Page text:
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Guerilla Gravity adds new Frame Colors + Next Gen Gnarvana without special wheel dish!

guerilla Gravity gnarvanaThe updated Gnarvana in action. Photos c. Guerilla Gravity
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When discussing its initial approach to manufacturing, Guerilla Gravity recently quoted Henry Ford. The American carmaker famously said that his customers could have a Ford in any color, “so long as it’s black.”

That worked well for efficiency, but we all know folks eventually hungered for a little more variety along the visible spectrum.

After first following in Ford’s footsteps, Guerilla Gravity will now embrace the rainbow by offering three colorful designs on several of its Revved Carbon bike frames. Pro rider Yoann Barelli even got his own color: YOLO Merlot, an ode to his “life philosophy and love of French wine,” the company said.

guerilla gravity gnarvana
“YOLO Merlot.”

“Our capacity and capabilities have expanded over the last few years, and it’s time to give the people what they want: frame colors,” the company said. “Our team sifted through countless samples to decide on the colors we feel best capture the spirit of their bike model.”

the dune
“Dune.”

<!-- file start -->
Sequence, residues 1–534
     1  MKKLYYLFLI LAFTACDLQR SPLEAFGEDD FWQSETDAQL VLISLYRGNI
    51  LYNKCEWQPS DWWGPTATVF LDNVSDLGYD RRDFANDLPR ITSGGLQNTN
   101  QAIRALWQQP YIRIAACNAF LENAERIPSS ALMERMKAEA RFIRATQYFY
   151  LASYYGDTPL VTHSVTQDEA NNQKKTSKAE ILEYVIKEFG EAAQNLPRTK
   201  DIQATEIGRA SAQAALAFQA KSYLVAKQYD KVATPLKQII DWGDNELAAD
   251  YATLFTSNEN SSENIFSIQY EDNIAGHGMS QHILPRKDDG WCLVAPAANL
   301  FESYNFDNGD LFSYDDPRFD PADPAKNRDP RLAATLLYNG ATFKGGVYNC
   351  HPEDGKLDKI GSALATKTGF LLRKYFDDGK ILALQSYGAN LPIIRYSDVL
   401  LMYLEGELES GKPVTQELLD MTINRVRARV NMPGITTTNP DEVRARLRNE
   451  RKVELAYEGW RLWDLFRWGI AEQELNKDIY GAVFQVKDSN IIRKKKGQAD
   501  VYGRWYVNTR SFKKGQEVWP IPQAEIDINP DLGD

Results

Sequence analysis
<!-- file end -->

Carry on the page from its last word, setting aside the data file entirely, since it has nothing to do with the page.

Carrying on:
In addition to new colors, the company released an upgraded version of the Gnarvana.

blue steel
“Blue Steel.”

Next-gen Gnarvana

For Guerilla Gravity’s next-generation Gnarvana, the popular mountain bike comes with a few new features. They include a Revved Carbon swingarm, an updated alloy seat staykit, and upgraded hardware features.

A big upgrade involves a new 0mm wheel dish, replacing the 3mm dish of the first-gen Gnarvana. Riders can now expect quicker and easier wheel swaps and greater wheel compatibility without having to re-dish.

The bike also has “snappier handling” thanks to a 50 percent increase in lateral stiffness vs. the old alloy swingarm, the company said. Laying up the part in its proprietary Revved Carbon should give the new Gnarvana a big boost in long-haul durability.

gnarvana bike

The build also lost a little weight: 90 grams.

It also comes with an external brake hose clip system, and uses SRAM’s Universal Derailleur Hanger. Thanks to internal routing of the swingarm cable, the derailleur cable enters the swingarm and exits the other end.

Mountain biker Yoann Barelli has been testing the new setup for a year, Guerilla Gravity said.

“We now have a bike that’s more dynamic, more rigid on the rear end but still offers quite a lot of forgiveness when it gets super rough,” Barelli said. “The improved suspension curve gives you the feeling of never bottoming out, and trust me, over the past year of testing, I have put some serious hits on this thing…the Gnarvana is the ultimate bike to do it all, this machine is fast, forgiving, and inspires confidence.”

A Ride Build of the new Gnarvana will set you back $4,895. It comes with RockShox Zeb Select fork and a SRAM NX drivetrain.

For the specialty “Rally Like Barelli” version, prices start at $5,695 for RockShox Zeb Select+ and a SRAM GX drivetrain.

For the top of the line, there’s the Race Build of the Gnarvana, which has a Fox 38 Factory and an SRAM X01. Prices starts at $6,995.

Curious about that feature image? Check out Yoann resurrecting a truly gnarly freeride feature on GG above!

RideGG.com/gnarvana

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